- Mango is not one of my favorite fruits, but the flavor is captured pretty accurately here.
- It takes a couple seconds of chewing a Strawberry bean for the acidity of a perfectly ripe strawberry to come through. Until that point, it tastes more like bubble gum.
- Lemon and Lime both seem close to their real world fruits, but both fall prey to the classic blunder of not tasting as sour as the sour flavor representation of a fruit that’s already very sour should taste (as just discussed last week with Welch’s sour lemon bean).
- You may remember that Grapefruit is one of my favorite fruits. This is a great representation, capturing both the the tartness and slight bitterness of white grapefruits.
- I think if you gave someone one of these Pomegranate beans blind and asked them what flavor it was, they’d probably say it was raspberry, but if I close my eyes and picture eating pomegranate arils while I chew, I get the resemblance.
- I’ve always had a hard time really tasting blueberries in Blueberry-flavored candy, and that is true here, as well. This is probably my least favorite of the set.
- Grape is solid. Not much else to say about it.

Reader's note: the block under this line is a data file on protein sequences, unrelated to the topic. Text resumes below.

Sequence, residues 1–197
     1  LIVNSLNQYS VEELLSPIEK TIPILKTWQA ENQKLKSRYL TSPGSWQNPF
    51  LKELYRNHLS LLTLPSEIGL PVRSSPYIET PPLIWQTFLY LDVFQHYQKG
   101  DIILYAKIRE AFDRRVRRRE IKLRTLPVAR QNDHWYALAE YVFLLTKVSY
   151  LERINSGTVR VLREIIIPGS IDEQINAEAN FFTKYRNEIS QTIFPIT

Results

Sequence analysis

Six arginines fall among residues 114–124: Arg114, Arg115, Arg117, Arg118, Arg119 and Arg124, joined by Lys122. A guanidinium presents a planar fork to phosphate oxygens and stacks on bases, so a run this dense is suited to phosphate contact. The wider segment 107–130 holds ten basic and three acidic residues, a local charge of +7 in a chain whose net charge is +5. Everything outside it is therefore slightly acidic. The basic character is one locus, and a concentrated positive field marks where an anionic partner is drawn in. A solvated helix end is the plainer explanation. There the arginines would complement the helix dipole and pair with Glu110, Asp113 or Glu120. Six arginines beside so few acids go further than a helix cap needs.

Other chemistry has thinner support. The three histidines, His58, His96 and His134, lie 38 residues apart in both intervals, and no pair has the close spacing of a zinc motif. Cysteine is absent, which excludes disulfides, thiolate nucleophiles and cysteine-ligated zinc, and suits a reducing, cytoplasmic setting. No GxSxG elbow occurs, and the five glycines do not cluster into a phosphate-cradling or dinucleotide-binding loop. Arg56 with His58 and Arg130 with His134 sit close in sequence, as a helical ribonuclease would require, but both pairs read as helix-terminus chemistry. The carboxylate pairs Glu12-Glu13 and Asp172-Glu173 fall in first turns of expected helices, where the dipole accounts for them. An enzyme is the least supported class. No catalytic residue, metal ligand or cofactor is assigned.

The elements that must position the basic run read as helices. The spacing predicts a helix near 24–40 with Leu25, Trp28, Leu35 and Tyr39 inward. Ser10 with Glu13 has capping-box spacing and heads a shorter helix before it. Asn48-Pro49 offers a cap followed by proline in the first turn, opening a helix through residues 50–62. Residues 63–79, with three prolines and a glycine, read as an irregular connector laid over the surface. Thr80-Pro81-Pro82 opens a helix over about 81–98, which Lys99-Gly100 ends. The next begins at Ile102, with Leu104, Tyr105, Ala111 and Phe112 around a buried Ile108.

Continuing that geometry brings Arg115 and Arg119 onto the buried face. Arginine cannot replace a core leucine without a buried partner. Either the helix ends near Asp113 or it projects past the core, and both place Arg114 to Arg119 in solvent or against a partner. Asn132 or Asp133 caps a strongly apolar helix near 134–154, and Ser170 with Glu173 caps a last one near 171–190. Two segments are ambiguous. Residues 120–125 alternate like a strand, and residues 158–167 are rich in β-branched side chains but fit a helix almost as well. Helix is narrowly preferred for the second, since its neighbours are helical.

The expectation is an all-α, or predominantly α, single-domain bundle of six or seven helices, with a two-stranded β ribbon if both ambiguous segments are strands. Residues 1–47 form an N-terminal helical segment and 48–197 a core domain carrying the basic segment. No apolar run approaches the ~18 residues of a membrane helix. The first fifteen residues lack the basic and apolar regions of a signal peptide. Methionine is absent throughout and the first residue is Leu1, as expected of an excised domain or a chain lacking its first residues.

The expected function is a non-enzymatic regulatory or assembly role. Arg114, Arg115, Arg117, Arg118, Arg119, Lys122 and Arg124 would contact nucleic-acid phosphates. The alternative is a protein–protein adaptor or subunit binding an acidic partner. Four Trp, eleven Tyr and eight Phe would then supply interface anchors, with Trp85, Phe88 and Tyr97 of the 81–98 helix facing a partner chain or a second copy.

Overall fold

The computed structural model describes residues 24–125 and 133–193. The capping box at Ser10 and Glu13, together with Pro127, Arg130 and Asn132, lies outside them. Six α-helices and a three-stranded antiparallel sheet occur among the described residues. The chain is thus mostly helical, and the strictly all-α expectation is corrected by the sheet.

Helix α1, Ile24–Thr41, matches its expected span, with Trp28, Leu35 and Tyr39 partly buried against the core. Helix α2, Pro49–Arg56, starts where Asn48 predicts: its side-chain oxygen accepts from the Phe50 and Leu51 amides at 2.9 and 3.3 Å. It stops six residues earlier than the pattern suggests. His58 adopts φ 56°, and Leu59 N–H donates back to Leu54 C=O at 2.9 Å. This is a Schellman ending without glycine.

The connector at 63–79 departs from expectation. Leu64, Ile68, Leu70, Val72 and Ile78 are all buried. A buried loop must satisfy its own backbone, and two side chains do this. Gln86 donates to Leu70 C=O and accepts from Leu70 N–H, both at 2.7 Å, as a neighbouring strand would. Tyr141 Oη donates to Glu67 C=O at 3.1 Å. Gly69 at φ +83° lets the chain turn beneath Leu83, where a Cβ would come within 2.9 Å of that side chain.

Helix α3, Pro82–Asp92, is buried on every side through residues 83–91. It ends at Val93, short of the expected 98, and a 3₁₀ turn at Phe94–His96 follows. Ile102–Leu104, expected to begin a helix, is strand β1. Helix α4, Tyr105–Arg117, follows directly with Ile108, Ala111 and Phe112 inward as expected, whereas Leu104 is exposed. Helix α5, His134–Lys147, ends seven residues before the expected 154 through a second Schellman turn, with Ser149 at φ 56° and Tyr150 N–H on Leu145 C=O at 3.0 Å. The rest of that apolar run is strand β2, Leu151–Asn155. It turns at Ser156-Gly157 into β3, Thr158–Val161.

- The Tangerine bean tastes great, but it could just as easily been called Orange.
- And the star of the show is Cherry, a flavor so in the wheelhouse for Gimbal’s that they sell bags of nothing more than nine different flavors of cherry jelly beans.
There are no complete duds in the bunch, and almost all of them really nail the flavor of the fruits they are trying to represent. The bag advertises prominently that they are made with real fruit juice, and I think it shows. Other than lemon and lime, the sour levels are pretty good without being overwhelming. Gimbal’s scores another near perfect Taste and Flavor category!
9 out of 10 beans
The one-of-each test
Perhaps the ultimate test of a bag of jelly beans is how enjoyable it is to take one of each flavor and eat them all at the same time.1
For the 41-flavor Gimbal’s review and the 18-flavor Trader Joe’s review, I declined to truly eat one of each, choosing a subset of common flavors instead. In this case, 12 seems like a challenge I can rise to.
It is a lot, volumetrically, but it’s manageable. The beans are small enough and the chewability perfect enough that it’s not uncomfortable to take down the whole bunch in a reasonable amount of time.
It’s also a lot, flavor-wise. There are too many flavors going on for any of them to really stand apart from each other. They do end up tasting like one combined flavor. It reminds me of a tropical fruit juice blend that leans heavily on orange juice as its base. It’s not a bad experience, but I’d rather experience more of the individual flavors.
6 out of 10 beans
Gimbal’s shines again, with this sour set scoring just one bean less than their classic counterpart. I think I’ll have to pick up that cherry collection and see how well they can distinguish nine different cherry flavors.
|Size and shape||4/5 beans|
|Taste and flavor||9/10 beans|
|One-of-each test||6/10 beans|
This test is specific to fruit flavors only. While non-fruit flavors like licorice or buttered popcorn may be welcome, they are exempt from this test. Because that’s just nasty. ↩